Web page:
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Where Are The Real Men Today?

Discussion in 'Off Topic Threads' started by puablo, Apr 3, 2010.

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  1. puablo

    puablo Well-Known Member

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    Was just looking at some old movies, in particular, The Man Who Shot Liberty Valance...with some of the main actors being John Wayne, Jimmy Stewart, Lee Marvin.
    We need men around today like John Wayne and Jimmy Stewart. Where the heck have all the good men gone?...just look at what's leading the pack today, and you gotta wonder. What garbage we got going on now. What happened to the days when a
    man's word was his bond? When you said what you meant and meant what you said?
    Maybe we can get back there again one day.
     
  2. Brian in Oregon

    Brian in Oregon Well-Known Member

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    What happened? Men became metrosexuals, women were empowered with attorneys, and criminals became even bolder since they weren't being gunned down in the street or hung by the neck until dead in public.
     
  3. puablo

    puablo Well-Known Member

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    You're right Paul!
     
  4. School Teacher

    School Teacher Well-Known Member

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    That darn GI Joe is the cause of the downfall of all the "real men".

    Instead of calling it a doll, it was called an "action figure" and all our boys started playing with a plastic doll AKA "action figure".

    Ed Ward
     
  5. bigdogtx

    bigdogtx Well-Known Member

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    and they aren't "allowed" to be boys,,,,no aggressiveness,,,,what the hell are we going to do for soldiers in the future????
     
  6. Brian in Oregon

    Brian in Oregon Well-Known Member

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    Soldiers in the future? Angry lesbians with PMS.
     
  7. Setterman

    Setterman Well-Known Member

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    We lost our country, rural heritage. No one does anthing with their hands anymore....young men don't get "dirty". Our work ethic sucks too. It's not cool to be a "motorhead", run heavy equipment, handle livestock, or any down to earth stuff.

    Unless a kid lives on a farm or has exposure to a construction somehow, how would he or she ever have a chance to run a piece of equipment, drive a truck with a clutch, or fix any equipment.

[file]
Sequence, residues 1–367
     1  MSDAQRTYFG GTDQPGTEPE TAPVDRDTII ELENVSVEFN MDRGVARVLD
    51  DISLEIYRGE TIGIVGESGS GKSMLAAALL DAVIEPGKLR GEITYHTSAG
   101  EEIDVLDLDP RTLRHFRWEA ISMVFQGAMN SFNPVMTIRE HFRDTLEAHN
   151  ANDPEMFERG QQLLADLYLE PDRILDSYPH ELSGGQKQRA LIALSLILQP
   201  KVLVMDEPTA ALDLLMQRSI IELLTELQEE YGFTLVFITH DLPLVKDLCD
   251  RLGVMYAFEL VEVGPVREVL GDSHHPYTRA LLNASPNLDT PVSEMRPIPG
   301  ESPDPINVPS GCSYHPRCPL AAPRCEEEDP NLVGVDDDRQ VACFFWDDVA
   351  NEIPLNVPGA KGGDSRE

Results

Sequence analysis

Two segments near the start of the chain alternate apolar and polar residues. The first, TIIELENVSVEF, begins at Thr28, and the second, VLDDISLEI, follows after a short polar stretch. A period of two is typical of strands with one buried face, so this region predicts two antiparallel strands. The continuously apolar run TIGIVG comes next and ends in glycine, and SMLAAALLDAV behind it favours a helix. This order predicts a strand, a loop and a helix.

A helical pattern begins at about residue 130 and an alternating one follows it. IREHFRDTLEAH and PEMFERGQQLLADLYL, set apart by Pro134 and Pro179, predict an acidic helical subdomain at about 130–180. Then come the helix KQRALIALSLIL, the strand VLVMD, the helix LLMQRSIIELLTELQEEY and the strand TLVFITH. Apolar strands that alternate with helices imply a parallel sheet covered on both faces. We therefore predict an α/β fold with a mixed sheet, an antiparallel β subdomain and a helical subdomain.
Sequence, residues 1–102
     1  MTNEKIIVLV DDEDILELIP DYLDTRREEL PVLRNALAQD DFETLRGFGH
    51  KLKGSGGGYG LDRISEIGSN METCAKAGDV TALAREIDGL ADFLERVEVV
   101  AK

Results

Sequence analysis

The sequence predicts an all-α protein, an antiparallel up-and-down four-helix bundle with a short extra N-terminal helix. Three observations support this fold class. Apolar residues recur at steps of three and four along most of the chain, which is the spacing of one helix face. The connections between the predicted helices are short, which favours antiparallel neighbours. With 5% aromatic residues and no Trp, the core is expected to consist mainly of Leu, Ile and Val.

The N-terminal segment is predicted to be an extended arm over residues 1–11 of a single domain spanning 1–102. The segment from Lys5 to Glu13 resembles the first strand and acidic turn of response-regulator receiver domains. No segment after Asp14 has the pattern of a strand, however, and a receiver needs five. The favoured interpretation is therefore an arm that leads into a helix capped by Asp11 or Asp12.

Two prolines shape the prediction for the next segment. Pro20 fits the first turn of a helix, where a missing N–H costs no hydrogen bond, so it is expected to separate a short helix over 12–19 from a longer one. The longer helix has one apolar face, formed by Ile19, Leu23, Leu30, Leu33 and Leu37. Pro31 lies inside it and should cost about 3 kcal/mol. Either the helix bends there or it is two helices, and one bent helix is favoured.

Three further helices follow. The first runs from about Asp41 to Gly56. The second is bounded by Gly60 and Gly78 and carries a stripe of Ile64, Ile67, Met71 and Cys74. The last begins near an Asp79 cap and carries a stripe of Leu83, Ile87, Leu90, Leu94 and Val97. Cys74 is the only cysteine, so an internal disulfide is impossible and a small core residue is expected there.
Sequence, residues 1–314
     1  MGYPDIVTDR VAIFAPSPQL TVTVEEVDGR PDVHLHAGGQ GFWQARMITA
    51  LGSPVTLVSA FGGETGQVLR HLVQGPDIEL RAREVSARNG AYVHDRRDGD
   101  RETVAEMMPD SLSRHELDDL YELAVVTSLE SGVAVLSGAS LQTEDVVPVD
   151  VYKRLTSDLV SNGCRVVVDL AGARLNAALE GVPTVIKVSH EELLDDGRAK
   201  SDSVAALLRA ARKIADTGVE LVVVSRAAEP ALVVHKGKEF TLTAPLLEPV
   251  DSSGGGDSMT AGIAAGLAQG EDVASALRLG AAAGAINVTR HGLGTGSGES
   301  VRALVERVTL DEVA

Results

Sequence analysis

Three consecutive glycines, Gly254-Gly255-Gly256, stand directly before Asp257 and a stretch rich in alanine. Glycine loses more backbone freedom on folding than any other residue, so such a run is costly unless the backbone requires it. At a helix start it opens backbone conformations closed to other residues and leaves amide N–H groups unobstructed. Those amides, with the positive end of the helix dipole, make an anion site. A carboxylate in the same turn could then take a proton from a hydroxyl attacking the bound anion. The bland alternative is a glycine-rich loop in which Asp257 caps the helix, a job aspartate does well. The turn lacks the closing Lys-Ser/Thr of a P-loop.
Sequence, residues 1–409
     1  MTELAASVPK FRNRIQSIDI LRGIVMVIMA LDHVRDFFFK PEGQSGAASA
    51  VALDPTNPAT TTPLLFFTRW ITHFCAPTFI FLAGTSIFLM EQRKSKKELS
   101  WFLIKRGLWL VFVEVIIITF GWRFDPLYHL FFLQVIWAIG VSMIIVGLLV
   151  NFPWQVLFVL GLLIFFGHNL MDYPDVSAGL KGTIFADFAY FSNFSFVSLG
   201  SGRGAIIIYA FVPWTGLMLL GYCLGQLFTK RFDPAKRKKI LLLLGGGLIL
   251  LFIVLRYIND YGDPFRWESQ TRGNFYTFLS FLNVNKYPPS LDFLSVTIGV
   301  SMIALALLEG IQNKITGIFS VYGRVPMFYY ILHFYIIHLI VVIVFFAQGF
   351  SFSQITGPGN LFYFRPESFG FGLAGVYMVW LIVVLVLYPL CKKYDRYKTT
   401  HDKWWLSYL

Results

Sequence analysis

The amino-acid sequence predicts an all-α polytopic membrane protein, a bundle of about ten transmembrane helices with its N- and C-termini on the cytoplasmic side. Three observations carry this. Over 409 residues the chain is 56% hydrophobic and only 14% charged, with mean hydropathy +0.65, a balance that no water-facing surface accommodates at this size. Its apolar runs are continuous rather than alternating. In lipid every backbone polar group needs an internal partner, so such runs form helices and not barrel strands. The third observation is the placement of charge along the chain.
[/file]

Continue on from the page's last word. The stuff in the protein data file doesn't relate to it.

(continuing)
We're not hands on anymore.
     
  8. GW22

    GW22 Active Member

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    Ah yes, the "Thrilling Days of Yesteryear: When men were men... and sheep were nervous." LOL.

    I, for one, think it's very cool to be a motorhead. I also work with my hands regularly doing woodwork and occasional metalwork. There's no reason at all that this stuff has to die.

    -Gary
     
  9. Savage99Stan

    Savage99Stan Active Member

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    And the little league series for the summer where no one wins or loses and all get "participation" trophies. Just like our summer league seems to be going.....at the meeting to organize they said they weren't going to post who we'd be shooting against. "WTF". I asked if we'd all get participation trophies. Some said, "we don't care, its just for fun"....

    We compete to compete. We get fired up when we shoot against the "top guns" and try to win....

    Is this what the USA is coming to? Aren't we always trying to be the "winners".....

    Of course, I'll get pilloried by the liberals and the sissies who think that acquiesence is the rule of the day....go for it.
     
  10. rbmtrap

    rbmtrap Member

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    You're kidding right? John Wayne, Jimmy Stewart, Lee Marvin were all actors...

    Looking for 'real men' - look at your local firemen, police, or the brave souls serving overseas in the military. Oh yea, don't forget the modern women, many of who are more 'men' than a bunch whining overweight 'puffs' who have to have a golf cart to ride a hundred yards...
     
  11. halfmile

    halfmile Well-Known Member

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    Audie Murphy was a real war hero in addition to a movie star.

    Steve McQueen was a hell of a desert racer, did his own riding in "The Great Escape"

    Some of them were real men in addition to being actors.

    HM
     
  12. Brian in Oregon

    Brian in Oregon Well-Known Member

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    Here are some actors who served in WWII.

    I've narrowed the list to those who left an acting career to serve, and were known to be in combat, not those who served and later became actors, nor those actors who served but were not in combat. This list is no doubt incomplete.

    Jimmy Stewart was an actor, yet he not only was a Colonel in the USAAF during WWII and flew combat missions, he continued to fly missions during the Cold War as a Brigadier General in the USAF Reserves. He could have been safely making movies. He put his money where his mouth was.

    Clark Gable (after first resisting the idea) flew five combat missions over Europe, and was narrowly missed by flak (his boot was hit). MGM made a big fuss over the USAAF risking "their property" and sought to have him removed from combat missions.

    Robert Montgomery drove an ambulance for the British and was evacuated at Dunkirk. He later joined the USN and became a PT boat commander. He served on a destroyer on D Day, and was awarded the bronze Star.

    Gene Autry flew C47s over "The Hump".

    Henry Fonda joined the USN in 1943 and served aboard a destroyer.

    Lee Powell (the first Lone Ranger) left Hollywood to join the Marines. He was in combat at Tarawa and Saipan, and was KIA at Tinian.

    Douglas Fairbanks Sr. commanded British vessels during commando raids, and was the first American to do so in the Royal Navy.<br>
    (Typo: It was Douglas Fairbanks, Jr., not Sr. Thanks to Bob Lawless for the correction.)

    Now some exceptions to my list...